Boy, 8, and his pregnant mom held at gunpoint by police over mistaken identity

Shanice Stewart

(SACRAMENTO, Calif.) — An 8-year-old boy and his pregnant mother were pulled over at gunpoint by multiple Sacramento, California police officers on their way to football practice.

Shanice Stewart, who is nine months pregnant, and her son Brandon were stopped by police Oct. 17 on the highway, after the officers mistook Brandon for a juvenile with two felony warrants, including one for gun possession, according to Sacramento police.

“I noticed that they had guns drawn and they had instructions for me to then toss my keys out of the window,” Stewart told ABC News. “And open the door with my left hand, proceed to get out and put my hands in the air and then walk towards them. I immediately broke down because I didn’t know or understand what was going on.”

Brandon got out of the vehicle afraid that his mother would be arrested or worse, according to Stewart. He screamed and pleaded for her to come back to the car. The 8-year-old, not realizing the officers thought he was the suspect, approached them frantically explaining that his mother was just taking him to football practice and hadn’t done anything wrong. It was at that point that Stewart believes the officers realized that Brandon wasn’t the suspect.

“I was scared of him getting shot,” Stewart said. “You don’t know what to expect, especially when it’s multiple officers with their guns drawn towards the car. You just you don’t know. But I was definitely in fear of getting shot, me or my son. Just by one of them feeling like they were in danger or they did not feel comfortable.”

The officers released Stewart and Brandon shortly after, according to Stewart. Police told ABC News they first misidentified Brandon through helicopter surveillance, as he and his mother were leaving their home to go to football practice. Brandon matched the description of a suspect because of his hair style and clothing, according to police.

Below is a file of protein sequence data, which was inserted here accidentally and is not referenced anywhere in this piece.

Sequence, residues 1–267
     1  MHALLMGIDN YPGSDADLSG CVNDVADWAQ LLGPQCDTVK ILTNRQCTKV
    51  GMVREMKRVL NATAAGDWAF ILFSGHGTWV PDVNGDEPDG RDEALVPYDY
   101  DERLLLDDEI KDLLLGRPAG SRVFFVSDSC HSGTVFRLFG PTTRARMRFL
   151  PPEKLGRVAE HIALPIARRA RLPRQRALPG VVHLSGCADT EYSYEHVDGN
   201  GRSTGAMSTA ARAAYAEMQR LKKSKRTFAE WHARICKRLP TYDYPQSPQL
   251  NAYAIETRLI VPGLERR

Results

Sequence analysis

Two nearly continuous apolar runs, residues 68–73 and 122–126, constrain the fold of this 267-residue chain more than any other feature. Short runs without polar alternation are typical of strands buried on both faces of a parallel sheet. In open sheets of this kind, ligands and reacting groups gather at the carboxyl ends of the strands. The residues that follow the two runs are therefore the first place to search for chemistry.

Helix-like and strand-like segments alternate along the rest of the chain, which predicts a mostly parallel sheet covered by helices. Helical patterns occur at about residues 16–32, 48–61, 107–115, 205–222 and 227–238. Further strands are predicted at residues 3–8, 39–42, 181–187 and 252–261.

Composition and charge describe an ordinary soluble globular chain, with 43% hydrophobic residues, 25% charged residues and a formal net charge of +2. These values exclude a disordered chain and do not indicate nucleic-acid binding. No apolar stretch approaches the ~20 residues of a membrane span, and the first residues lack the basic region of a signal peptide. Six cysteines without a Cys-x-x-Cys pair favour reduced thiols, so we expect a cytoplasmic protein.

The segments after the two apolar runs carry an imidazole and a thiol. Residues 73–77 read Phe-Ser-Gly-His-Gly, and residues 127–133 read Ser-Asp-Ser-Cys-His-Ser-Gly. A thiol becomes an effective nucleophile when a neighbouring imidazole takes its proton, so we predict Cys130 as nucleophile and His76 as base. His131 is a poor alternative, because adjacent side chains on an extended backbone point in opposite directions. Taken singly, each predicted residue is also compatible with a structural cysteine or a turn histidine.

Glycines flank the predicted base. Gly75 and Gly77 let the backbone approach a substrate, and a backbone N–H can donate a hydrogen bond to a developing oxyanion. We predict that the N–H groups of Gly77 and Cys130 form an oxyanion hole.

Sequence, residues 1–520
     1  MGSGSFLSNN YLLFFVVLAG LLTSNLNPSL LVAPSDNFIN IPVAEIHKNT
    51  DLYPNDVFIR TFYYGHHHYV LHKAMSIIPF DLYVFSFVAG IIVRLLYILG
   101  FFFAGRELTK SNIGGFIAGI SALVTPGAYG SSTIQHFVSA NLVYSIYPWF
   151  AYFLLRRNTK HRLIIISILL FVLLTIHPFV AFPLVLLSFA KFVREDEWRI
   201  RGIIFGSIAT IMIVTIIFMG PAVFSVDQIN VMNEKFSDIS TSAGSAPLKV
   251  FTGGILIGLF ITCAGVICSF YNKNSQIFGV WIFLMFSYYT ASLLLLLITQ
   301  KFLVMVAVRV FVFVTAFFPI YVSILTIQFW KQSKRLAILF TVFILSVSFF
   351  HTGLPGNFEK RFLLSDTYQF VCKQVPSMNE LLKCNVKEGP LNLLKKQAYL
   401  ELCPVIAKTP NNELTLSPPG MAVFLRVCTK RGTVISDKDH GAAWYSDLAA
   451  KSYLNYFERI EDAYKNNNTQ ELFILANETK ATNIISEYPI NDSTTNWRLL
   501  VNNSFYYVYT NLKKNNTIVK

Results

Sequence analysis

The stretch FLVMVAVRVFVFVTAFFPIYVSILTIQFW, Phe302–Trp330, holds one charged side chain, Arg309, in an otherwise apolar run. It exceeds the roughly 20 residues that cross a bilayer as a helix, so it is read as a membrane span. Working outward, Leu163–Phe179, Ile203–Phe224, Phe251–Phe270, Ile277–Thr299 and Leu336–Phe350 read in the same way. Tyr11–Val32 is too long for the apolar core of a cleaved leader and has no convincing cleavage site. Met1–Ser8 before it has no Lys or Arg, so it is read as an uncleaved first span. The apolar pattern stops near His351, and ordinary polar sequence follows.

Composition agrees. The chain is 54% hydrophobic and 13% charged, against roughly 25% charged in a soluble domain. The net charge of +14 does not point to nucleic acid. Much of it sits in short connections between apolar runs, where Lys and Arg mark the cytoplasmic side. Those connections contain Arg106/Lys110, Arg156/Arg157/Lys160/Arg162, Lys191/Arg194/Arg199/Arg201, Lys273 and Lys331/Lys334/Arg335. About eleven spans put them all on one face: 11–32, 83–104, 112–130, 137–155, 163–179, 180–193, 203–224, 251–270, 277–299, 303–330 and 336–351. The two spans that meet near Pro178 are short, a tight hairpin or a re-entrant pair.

The next day a captain with the Sacramento police told Stewart the suspect they are looking for is a teenager, according to Stewart. Brandon, a third grader, is about 3’10”, 56 pounds.

“From a distance, officers observed a juvenile who they believed to be the wanted suspect, enter a vehicle with tinted windows,” Sacramento police told ABC News through a statement. “Based on the information regarding firearm history, a high-risk stop was initiated. As officers were conducting the stop and the windows were rolled down, they realized the juvenile in the vehicle was not the wanted suspect, and at that point the high-risk stop was ended.”

According to Stewart, Brandon is traumatized. Every time they approach the highway, her son asks if they can take the street route instead. When he sees a police cruiser drive past their car, he reminds his mother to drive safely. He also only rides in the back seat of the car now, where he feels safer.

“I do keep repeating to him that all police officers are not bad. You can’t just assume that,” Stewart said. “I don’t want him to hate the law. As far as me, at any given moment, every time an officer gets behind me, I’m at fear for my life. I’m scared and he’s scared.”

The Sacramento Police Department told ABC News that the suspect is still at large. When asked if any disciplinary measures would be taken against the officers involved, Sacramento police said the incident is still under review.

“We must acknowledge that a case of mistaken identity occurred,” Sacramento police told ABC News through a statement. “Our officers provided explanation and an apology to the mother and her son. Our department has been in contact with the mother since the incident. We recognize the impact that police interactions can have on our community members.”

Stewart is currently exploring the possibility of taking legal action against the Sacramento Police Department.

“It was definitely heartbreaking. It’s something that is a life changer,” Stewart said. “For us to not have done anything and for it to had went that far.”

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